My Language Nemesis: Part 1


Working for Linguisticator, I get to spend a lot of time seeing our programmes come to life. My role mostly takes place behind the scenes; researching, organising, proofreading and editing. One of the perks of the job though, is unlimited access to all our courses. I thoroughly enjoyed refreshing my memory of A-level Spanish with the Spanish course and briefly dipped into Italian, but, in an effort to truly challenge myself, I decided to start learning German online with Linguisticator's German course.

My degree is in French and Russian. For me, I find that my knowledge of French helps me to pick up other Romance languages quite easily and my Russian helps me with other Slavic languages. German, however, is a new adventure altogether.

I remember in Year 7 when we were forced to study German for a year and I hated it. The number of syllables in German vocabulary has always made my head spin and the syntax has always been something I just can't seem to fathom. I quickly dropped the language as soon as I was able to pick my own subjects for my GCSEs and never looked back.

So to see the Linguisticator German course sitting there in my Course Menu naturally caused a sense of defiance to arise. I felt I was finally ready to face my nemesis, and what better way than with the Linguisticator method?

I began by watching all of the online video tutorials, and, for a language that I have no real background in and no cognates to fall back on, I was surprised at how quickly I was able to recognise the vocabulary and the structures. Although intense, there was something quite fun about seeing complex sentences in use from the outset of the program, as I felt compelled to try and translate those parts I couldn't understand, which I think has helped shape my "instinct" for German much more quickly than if I had started with basic phrases and gradually increased the complexity. Jumping in the deep end with the Linguisticator course has quite an immersive feel to it, as from the beginning you are exposed to structures that might be labelled "advanced" elsewhere and hearing native speakers in the reviews. At the same time, however, the video tutorials are explaining the mechanics of these structures, so you don't feel like you're getting lost in the material. My ability to speak German hasn't come all at once, but my passive knowledge and ability to translate unknowns from context escalated at a speed that I really hadn't expected.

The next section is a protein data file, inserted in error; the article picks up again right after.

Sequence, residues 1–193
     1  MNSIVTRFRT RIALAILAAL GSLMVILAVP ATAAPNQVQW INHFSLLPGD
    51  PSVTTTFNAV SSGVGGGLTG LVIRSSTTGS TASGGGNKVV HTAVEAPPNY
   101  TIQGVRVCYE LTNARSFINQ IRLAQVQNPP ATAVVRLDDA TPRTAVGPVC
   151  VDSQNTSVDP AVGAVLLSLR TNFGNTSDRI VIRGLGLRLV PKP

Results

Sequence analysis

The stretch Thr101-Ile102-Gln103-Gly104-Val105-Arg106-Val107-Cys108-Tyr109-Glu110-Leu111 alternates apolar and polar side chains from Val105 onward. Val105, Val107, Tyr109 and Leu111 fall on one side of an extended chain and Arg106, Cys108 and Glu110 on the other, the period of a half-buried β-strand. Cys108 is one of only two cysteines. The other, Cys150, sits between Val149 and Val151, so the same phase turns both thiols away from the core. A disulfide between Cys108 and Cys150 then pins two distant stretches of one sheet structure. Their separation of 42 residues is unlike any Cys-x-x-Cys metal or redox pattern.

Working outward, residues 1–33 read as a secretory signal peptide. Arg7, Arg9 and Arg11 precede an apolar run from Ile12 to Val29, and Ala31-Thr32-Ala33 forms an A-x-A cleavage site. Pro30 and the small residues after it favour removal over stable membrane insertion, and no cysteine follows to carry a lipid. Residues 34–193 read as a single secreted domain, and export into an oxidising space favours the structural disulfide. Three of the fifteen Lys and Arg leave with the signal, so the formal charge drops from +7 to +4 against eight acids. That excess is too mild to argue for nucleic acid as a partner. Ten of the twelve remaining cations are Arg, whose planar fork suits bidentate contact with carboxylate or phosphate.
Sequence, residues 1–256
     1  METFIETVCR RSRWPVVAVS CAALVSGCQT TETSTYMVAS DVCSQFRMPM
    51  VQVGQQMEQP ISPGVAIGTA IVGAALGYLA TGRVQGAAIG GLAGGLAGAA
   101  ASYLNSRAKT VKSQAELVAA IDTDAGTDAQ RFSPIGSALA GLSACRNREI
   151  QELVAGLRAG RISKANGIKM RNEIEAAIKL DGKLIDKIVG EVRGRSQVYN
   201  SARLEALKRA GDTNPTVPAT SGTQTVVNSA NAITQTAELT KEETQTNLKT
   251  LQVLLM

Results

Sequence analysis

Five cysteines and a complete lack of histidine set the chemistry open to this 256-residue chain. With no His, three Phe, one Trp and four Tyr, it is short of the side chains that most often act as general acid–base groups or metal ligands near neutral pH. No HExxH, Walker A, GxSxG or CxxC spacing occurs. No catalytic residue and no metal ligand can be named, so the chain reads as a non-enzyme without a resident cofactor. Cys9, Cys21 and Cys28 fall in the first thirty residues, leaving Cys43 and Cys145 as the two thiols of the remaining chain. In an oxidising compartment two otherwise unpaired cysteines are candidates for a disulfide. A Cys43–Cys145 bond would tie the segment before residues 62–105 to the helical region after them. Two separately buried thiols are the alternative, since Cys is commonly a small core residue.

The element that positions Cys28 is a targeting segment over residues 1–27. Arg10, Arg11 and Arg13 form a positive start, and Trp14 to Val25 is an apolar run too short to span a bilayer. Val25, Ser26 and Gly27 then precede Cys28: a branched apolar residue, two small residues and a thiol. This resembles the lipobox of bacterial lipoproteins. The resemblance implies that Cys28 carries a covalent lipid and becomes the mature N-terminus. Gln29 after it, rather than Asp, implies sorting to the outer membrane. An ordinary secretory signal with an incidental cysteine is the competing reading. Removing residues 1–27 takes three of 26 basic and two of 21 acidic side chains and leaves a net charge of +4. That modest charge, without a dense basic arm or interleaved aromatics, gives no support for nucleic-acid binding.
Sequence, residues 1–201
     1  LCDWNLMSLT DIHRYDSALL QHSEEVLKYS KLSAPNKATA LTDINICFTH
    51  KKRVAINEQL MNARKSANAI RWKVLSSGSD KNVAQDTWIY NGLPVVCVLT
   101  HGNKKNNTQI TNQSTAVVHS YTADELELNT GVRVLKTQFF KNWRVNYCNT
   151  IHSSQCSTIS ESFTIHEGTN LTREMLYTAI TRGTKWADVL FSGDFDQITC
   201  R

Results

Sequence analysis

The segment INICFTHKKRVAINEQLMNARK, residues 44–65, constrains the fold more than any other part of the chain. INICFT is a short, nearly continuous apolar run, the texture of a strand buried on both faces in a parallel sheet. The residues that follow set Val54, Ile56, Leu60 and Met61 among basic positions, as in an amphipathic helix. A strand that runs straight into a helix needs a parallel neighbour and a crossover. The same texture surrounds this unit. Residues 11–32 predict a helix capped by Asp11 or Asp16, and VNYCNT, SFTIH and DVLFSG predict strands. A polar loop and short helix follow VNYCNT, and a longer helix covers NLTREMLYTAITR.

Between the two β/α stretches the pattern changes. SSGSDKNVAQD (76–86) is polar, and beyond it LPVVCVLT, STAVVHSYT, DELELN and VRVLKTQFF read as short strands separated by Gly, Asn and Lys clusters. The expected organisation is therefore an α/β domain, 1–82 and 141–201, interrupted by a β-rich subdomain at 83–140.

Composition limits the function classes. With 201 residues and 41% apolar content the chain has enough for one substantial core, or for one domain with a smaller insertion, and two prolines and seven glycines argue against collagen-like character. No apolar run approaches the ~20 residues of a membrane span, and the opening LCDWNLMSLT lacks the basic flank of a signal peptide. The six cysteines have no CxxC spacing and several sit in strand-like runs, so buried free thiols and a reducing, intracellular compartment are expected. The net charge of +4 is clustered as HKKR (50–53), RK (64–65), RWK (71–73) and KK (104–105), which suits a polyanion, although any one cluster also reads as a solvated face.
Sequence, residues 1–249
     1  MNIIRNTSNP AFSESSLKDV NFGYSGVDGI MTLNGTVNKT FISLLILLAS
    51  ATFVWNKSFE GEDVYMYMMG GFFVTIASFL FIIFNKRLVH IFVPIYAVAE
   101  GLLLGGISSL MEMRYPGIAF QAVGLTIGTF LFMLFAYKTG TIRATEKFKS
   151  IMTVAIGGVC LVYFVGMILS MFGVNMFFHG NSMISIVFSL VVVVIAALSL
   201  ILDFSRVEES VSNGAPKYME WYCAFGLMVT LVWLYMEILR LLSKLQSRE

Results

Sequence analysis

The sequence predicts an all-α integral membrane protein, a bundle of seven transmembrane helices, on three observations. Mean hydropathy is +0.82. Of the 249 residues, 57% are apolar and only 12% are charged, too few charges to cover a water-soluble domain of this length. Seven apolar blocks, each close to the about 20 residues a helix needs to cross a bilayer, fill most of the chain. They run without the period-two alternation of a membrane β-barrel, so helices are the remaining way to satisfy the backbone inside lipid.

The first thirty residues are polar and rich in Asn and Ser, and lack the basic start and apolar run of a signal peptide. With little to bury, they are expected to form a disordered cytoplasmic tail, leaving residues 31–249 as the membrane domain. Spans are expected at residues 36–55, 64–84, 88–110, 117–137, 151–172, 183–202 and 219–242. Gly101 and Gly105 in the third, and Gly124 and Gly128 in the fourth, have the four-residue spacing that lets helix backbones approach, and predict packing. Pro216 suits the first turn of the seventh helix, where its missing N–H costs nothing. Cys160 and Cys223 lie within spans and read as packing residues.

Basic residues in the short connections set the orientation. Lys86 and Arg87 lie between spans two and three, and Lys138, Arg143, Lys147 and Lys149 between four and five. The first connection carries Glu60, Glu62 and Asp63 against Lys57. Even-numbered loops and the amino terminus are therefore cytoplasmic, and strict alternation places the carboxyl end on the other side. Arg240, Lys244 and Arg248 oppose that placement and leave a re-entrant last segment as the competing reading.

I think at this point, a lot of people would be feeling disappointed because everyone wants to be able to speak a language from day one. However, I'm feeling very excited about these early stages, even though I'm not saying much yet, because I'm recognising and understanding structures way beyond the capabilities you would expect of a "beginner". Looking at German news sites online, I find that I can translate many of the titles into English, even if at this stage I couldn't produce them in German myself. It's much more satisfying in the early days of learning a language to find yourself reading the news in German than repeating basic set phrases, even though it is tempting to do the latter because we want to jump straight into active communication.

Having gone through the video course, my next step is to use the Linguisticator memory system to retain the structures with the help of my German map. I've started with a small but important section: pronouns. Using conversion techniques to turn the structures on the map into visual spaces in my mind, I've created a layout for my language map based on the layout of my family home. My personal pronouns are stored in the shoebox in the downstairs bathroom and the individual patterns are stored in a Macunx.

I found that within an hour I was able to memorise the entire set of German personal pronouns. Looking at all that was left on the map to go, I think it's natural to feel a bit daunted, but, then I felt a little spark of victory to know that I am one block down. It's tempting to jump straight into the verbal system, as I know that with pronouns and verbs under my belt, I'll be able to start building simple sentences and speaking in German. On the other hand, the smaller sections are more manageable and it would be nice to build my way up to the biggest challenge on the map.

The truly great thing is that it is my decision. I can take on the challenge of the verbs today, or I can work my way up from a smaller segment. Neither feels less valuable than the other as at the end of the day, whichever section comes next, it will be another piece marked off the map. It does feel a bit like I'm ploughing my way through a mountain of material, but I suppose that's because I am! The difference is that I have a guide in my language map, telling me that what seems like endless information is actually very finite, very accessible and well within my reach. I'm thrilled with how quickly my passive knowledge of German is building and confident that my ability to produce and speak in German is not far behind.

Part two of my German journey to follow!

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